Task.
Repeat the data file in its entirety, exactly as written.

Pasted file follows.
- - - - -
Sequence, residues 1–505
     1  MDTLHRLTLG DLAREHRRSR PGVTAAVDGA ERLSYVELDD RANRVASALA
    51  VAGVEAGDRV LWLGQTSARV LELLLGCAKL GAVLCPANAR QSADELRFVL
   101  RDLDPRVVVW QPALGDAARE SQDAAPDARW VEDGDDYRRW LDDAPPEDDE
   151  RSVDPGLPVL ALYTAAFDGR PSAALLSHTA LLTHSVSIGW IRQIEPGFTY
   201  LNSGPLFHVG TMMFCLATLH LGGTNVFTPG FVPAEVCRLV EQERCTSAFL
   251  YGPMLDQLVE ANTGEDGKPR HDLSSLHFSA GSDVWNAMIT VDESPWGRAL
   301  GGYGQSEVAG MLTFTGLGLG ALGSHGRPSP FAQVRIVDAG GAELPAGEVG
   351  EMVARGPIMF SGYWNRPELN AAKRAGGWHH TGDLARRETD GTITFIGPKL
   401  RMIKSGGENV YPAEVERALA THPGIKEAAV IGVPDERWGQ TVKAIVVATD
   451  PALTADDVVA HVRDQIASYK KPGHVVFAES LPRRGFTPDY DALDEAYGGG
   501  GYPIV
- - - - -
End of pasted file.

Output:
Sequence, residues 1–505
     1  MDTLHRLTLG DLAREHRRSR PGVTAAVDGA ERLSYVELDD RANRVASALA
    51  VAGVEAGDRV LWLGQTSARV LELLLGCAKL GAVLCPANAR QSADELRFVL
   101  RDLDPRVVVW QPALGDAARE SQDAAPDARW VEDGDDYRRW LDDAPPEDDE
   151  RSVDPGLPVL ALYTAAFDGR PSAALLSHTA LLTHSVSIGW IRQIEPGFTY
   201  LNSGPLFHVG TMMFCLATLH LGGTNVFTPG FVPAEVCRLV EQERCTSAFL
   251  YGPMLDQLVE ANTGEDGKPR HDLSSLHFSA GSDVWNAMIT VDESPWGRAL
   301  GGYGQSEVAG MLTFTGLGLG ALGSHGRPSP FAQVRIVDAG GAELPAGEVG
   351  EMVARGPIMF SGYWNRPELN AAKRAGGWHH TGDLARRETD GTITFIGPKL
   401  RMIKSGGENV YPAEVERALA THPGIKEAAV IGVPDERWGQ TVKAIVVATD
   451  PALTADDVVA HVRDQIASYK KPGHVVFAES LPRRGFTPDY DALDEAYGGG
   501  GYPIV